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|Trials and Trabajos
by David Ebony
|Gabriel Orozco, June 4-Sept. 3, 2000, at the Museum of Contemporary Art, 250 South Grand Avenue, Los Angeles, Cal.
In Gabriel Orozco's work, trivial things take on a certain greatness. Even toilet paper serves an exalted purpose in Toilet Ventilator (1997). In this work, long strands of the stuff flow from rolls attached to the whirling blades of 10 overhead fans. Fluttering in a gently hypnotic twirl, the strands appear as white satin ribbons casting a cool, celestial breeze and a soothing spell over a large gallery space. The work is one of 100 pieces by the artist in his first U.S. museum survey, currently on view in Los Angeles.
Curated by Alma Ruiz and accompanied by a catalogue with essays by Benjamin Buchloh, Molly Nesbit, Gabriel Kuri and others, "Gabriel Orozco" contains a broad selection that includes many of the artist's major sculptures, photos and installation pieces produced over the past decade, plus several recently completed videos. The show is on view at the Museum of Contemporary Art, Los Angeles, through Sept. 3, its only U.S. appearance, before traveling to the Museo Rufino Tamayo in Mexico City later this fall, and the Museo de Arte Contemporaneo, Monterrey, early next year.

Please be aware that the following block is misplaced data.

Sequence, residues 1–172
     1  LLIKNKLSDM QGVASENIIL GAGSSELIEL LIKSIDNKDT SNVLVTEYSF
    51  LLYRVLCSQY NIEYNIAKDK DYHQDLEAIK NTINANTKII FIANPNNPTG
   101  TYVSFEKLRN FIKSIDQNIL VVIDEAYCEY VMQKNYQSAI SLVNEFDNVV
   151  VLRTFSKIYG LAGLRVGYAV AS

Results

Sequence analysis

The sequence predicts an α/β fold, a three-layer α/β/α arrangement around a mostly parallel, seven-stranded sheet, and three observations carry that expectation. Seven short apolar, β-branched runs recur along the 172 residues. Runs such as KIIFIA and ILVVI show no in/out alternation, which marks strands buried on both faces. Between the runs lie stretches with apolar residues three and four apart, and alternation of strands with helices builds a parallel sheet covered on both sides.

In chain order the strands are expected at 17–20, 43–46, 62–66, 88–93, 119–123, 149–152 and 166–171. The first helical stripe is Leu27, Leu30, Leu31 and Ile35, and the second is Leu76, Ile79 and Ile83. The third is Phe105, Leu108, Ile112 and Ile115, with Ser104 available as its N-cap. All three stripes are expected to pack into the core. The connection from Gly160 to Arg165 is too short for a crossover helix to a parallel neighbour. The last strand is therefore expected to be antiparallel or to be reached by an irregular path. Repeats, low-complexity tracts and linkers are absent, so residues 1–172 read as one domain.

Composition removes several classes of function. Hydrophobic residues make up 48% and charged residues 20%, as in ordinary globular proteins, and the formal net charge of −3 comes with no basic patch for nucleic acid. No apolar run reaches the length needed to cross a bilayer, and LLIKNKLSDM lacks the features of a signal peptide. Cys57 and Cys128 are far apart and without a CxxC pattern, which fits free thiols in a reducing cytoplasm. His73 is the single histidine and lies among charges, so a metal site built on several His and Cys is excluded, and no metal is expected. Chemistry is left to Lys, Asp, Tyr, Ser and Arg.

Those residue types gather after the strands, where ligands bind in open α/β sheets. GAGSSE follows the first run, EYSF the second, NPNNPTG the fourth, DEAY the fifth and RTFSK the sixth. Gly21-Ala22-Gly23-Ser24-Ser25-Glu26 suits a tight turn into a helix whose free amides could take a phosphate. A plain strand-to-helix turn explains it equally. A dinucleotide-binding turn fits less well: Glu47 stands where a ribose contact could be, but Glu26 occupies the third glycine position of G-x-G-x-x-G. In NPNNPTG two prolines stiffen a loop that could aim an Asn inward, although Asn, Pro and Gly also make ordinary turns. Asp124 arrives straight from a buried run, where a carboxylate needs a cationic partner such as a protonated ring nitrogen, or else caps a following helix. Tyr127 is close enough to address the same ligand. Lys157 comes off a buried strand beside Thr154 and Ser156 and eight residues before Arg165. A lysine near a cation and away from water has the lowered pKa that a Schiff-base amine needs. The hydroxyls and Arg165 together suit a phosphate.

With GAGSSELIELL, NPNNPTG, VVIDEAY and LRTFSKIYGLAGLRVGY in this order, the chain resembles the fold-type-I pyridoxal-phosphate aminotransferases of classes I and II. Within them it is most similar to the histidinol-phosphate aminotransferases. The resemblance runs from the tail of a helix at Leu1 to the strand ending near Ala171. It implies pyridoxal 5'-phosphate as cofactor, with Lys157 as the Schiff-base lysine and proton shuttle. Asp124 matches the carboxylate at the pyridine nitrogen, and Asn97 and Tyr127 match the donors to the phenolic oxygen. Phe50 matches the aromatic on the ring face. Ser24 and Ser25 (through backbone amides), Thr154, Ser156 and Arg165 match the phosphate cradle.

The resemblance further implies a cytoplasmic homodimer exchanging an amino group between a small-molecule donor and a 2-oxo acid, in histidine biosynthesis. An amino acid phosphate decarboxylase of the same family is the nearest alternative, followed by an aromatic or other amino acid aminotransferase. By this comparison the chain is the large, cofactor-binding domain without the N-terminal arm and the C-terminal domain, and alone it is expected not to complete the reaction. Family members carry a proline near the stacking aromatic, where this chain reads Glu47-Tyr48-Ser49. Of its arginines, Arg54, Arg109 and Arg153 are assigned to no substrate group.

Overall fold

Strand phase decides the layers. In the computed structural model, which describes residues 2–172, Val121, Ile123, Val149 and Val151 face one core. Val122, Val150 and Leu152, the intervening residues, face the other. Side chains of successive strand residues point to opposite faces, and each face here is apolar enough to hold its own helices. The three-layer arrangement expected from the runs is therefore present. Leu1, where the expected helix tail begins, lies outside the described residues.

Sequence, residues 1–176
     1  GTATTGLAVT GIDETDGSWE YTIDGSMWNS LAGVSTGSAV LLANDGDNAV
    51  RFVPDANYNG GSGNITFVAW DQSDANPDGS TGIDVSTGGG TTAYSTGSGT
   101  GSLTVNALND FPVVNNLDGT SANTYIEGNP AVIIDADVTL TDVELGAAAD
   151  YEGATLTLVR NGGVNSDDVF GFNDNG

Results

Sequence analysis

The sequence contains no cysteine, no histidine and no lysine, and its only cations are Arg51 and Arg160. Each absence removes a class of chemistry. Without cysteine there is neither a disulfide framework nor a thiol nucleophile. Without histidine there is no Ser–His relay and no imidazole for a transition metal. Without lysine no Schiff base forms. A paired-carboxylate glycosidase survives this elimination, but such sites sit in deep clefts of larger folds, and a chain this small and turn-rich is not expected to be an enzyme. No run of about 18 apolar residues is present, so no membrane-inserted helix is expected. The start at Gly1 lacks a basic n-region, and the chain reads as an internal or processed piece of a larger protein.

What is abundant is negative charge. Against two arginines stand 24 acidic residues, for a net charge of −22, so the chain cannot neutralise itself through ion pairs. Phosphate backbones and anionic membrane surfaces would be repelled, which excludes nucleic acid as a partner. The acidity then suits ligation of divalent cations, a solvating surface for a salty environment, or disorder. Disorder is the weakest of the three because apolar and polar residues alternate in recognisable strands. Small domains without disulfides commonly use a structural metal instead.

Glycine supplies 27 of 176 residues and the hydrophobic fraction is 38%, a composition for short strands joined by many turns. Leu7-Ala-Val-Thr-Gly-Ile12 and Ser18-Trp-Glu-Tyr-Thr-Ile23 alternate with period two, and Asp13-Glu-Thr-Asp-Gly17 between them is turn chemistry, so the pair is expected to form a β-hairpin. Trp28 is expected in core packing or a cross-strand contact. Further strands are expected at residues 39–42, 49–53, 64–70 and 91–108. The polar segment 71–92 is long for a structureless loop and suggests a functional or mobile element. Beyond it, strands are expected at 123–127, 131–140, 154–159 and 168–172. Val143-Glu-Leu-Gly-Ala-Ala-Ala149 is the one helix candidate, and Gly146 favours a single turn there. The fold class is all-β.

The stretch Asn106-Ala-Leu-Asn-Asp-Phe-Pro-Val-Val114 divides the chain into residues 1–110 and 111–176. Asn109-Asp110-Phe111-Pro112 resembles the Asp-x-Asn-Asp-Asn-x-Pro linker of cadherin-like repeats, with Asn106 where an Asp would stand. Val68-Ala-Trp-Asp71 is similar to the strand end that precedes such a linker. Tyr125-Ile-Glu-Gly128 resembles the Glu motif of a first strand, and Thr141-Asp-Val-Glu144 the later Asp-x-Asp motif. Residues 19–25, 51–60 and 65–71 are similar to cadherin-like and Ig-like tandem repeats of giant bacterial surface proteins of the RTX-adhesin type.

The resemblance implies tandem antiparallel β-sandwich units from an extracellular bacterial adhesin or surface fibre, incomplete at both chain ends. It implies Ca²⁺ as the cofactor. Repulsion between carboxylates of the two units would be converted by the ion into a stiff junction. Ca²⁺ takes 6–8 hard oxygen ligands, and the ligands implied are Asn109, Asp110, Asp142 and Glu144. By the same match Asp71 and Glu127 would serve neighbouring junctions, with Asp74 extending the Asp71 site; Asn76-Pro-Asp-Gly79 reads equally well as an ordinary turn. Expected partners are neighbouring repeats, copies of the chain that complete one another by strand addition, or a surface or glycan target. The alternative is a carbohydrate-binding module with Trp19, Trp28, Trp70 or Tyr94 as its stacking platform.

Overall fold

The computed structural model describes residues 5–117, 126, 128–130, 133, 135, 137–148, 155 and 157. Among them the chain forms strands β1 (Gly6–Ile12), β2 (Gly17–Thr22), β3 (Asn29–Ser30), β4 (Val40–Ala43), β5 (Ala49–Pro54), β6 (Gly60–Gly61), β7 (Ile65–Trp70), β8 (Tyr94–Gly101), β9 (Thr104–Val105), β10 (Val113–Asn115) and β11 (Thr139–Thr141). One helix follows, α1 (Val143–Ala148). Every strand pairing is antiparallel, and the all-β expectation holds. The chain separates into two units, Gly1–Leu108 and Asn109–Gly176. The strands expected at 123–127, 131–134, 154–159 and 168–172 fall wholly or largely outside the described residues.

Darling of the international art set for much of the past decade, the 38-year-old Mexican-born artist has had a number of museum exhibitions in Europe. However, since an in-depth overview of his work has never been presented in the U.S. until now, there is much at stake for Orozco here and in Mexico, where the exhibition will include early works that have never been shown abroad. This is a pivotal moment for Orozco. In a way, he may seem to be on trial. Does the work live up to its formidable reputation? Did the homeboy make good? Will Orozco remain in the forefront of the international vanguard after the show closes? Will he continue to be respected as one of the most influential artists of the day? Or will his efforts be shelved as works by a former flavor of the month?
Since his European museum shows and numerous gallery exhibitions have received extensive coverage from the international art press, Orozco's works may seem familiar to some U.S. museum goers. One of the revelations of this exhibition is to discover the surprising number of objects and images Orozco has produced that have become recognizable icons in a short span of time. Among those is La DS (1993), a Citroën DS sports car that the artist sawed lengthwise in thirds before removing the center section and reconstituting the car as a kind of useless object of veneration. The work's title, when pronounced in French, means "goddess." It's hard to say if this goddess is one of beauty, motion, speed or transportation.